This project uses an 8-pin
microcontroller to produce a tumbling dice via red LEDs.
There are lots of DICE projects on the web and many of them are
copies of our original LED Dice with slowdown.
The circuit and layout has been copied by many websites and it is pleasing
to know that thousands of hobbyists have built our circuit and enjoyed its
We now show how the same effect can be produced with a microcontroller and a
few resistors. The circuit is simpler, the board is smaller and the project
costs less than the original design.
That's the advantage of the microcontroller.
This project is parts of a course where we show how to design around a
microcontroller because this is the way of the future.
Once you collect the equipment necessary to burn the microcontroller, and
set-up your computer with NotePad2, to write the programs you will have 2
separate areas in your work-room.
One area will consists of a soldering iron, components and experimenter
boards, where you design and develop the project. The other area will
consist of a computer with
NotePad2, where you write the program using mnemonics (short sentences) and
compile it with MPASM to produce a .asm file as well as a .hex file.
The .hex file will then be used by WinPIC to burn the micro (program the
Take the micro from the programming socket on PIC Programmer MkIV, insert it
into the project and view the results.
This is just like designing and producing your own chip.
Here are some of the Dice projects and kits on the web:
The Spikenzielabs project does not
have a "rolling effect."
The piezo under the board
is tapped to change the LEDs.
It is a $20.00 soldering project.
The .asm program is very messy
This $13.00 LED Dice from
is already built and
does not teach any electronics.
Another LED Dice project but no
This project uses the same chip as our
the PICAXE 08M chip is already programmed with
routines and costs more than $5.00
You select the routines from a list to create a program
but you are not "PIC programming."
A Velleman kit. They are trying to
sell old technology!! Note the
"windowed" PIC chip!!!!!
This kits costs about $18.00 but the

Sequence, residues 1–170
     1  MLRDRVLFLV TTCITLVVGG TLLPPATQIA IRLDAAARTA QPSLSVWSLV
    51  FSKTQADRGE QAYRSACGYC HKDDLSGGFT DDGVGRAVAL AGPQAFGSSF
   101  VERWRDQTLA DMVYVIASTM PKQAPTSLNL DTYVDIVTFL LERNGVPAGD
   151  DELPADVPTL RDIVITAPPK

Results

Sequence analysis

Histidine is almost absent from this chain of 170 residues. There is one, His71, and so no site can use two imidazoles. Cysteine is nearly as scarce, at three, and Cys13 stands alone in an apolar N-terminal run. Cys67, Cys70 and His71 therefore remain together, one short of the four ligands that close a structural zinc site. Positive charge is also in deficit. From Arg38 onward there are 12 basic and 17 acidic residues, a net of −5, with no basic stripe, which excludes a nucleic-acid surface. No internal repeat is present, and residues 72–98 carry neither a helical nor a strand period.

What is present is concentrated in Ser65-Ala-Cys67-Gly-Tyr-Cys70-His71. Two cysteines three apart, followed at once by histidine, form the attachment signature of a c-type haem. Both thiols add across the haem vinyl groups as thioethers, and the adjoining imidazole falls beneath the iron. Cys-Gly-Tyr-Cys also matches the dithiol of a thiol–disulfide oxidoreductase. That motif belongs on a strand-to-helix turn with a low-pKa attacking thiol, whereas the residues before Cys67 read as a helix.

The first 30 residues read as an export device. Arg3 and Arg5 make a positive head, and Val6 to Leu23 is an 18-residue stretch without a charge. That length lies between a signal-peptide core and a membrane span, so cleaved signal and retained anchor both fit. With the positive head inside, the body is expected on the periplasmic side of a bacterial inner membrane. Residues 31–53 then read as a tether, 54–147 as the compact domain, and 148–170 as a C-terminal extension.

microcontroller is unknown.
A LED Dice project constructed on
Only the .hex file is provided.
This project uses ATTiny-13 micro.
The PC board should have current-limiting resistors.
The display does not have a "rolling Dice" effect.
Another ATTiny-13 micro LED Dice project
A nice layout showing how to add surface-mount components.
This is the front page from a Silicon
but the remainder of the article cannot be located.
None of the Dice projects
on the web teach how to create a program and they are simply soldering
Ours is an EDUCATIONAL PROJECT.
We explain every instruction in the program so you can use them in the next
project you are developing.
Here's an interesting comment from
writing for Silicon Chip:
Let’s settle an argument before it starts. Die or Dice?
Sure, the Oxford Dictionary would have us say one die, two dice. But every
man and his dog uses the word "dice" for both singular and plural. So we’ll
stick with dice.
Using a PIC allows us to significantly simplify our dice circuit. Previous
designs have typically used at least two ICs, four or more transistors and
many resistors and capacitors.
This project an ideal way for a beginner in micros to get a grasp of the
The 8-pin PIC micro we are using has 6 input-output lines and one line that
We will use the input line for the switch and 4 of the other lines as
Each output line can deliver 25mA. This limitation is due to the FET
transistors inside the the chip. Obviously they are microscopic and 25mA is
a great achievement. Many of the other microcontrollers can only deliver
20mA per drive-line.
Drive Current is the current delivered to each LED to make it
There is a very wide range of LEDs on the market, from surface-mount, to 3mm
to 5mm and they range from very poor quality to bright, high-bright and
Some LEDs require 20mA to produce good illumination while others produce a
very good output with as little as 2 to 5mA.
On top of this, different colour LEDs have a different characteristic
voltage-drop across them when illuminated and all these factors have to be
taken into account when determining the value of the current-limiting
resistor for each output.
One output has a single LED while the other outputs have two LEDs in series.
The value of dropper resistor for the single LED can range from
R for a red LED requiring 5mA, to R for an orange LED requiring 20mA.
We have selected 68R for the 2 LEDs in series to provide about 10mA and 82R
for the single LED to provide about 20mA.
Look at the illumination; decide which value is most suitable and adjust the
Red LEDs drop about 1.7v when illuminated, orange LEDs about 2v, and green
LEDs about 2.3v.
This value does not change if the LED is surface-mount or 5mm, but it does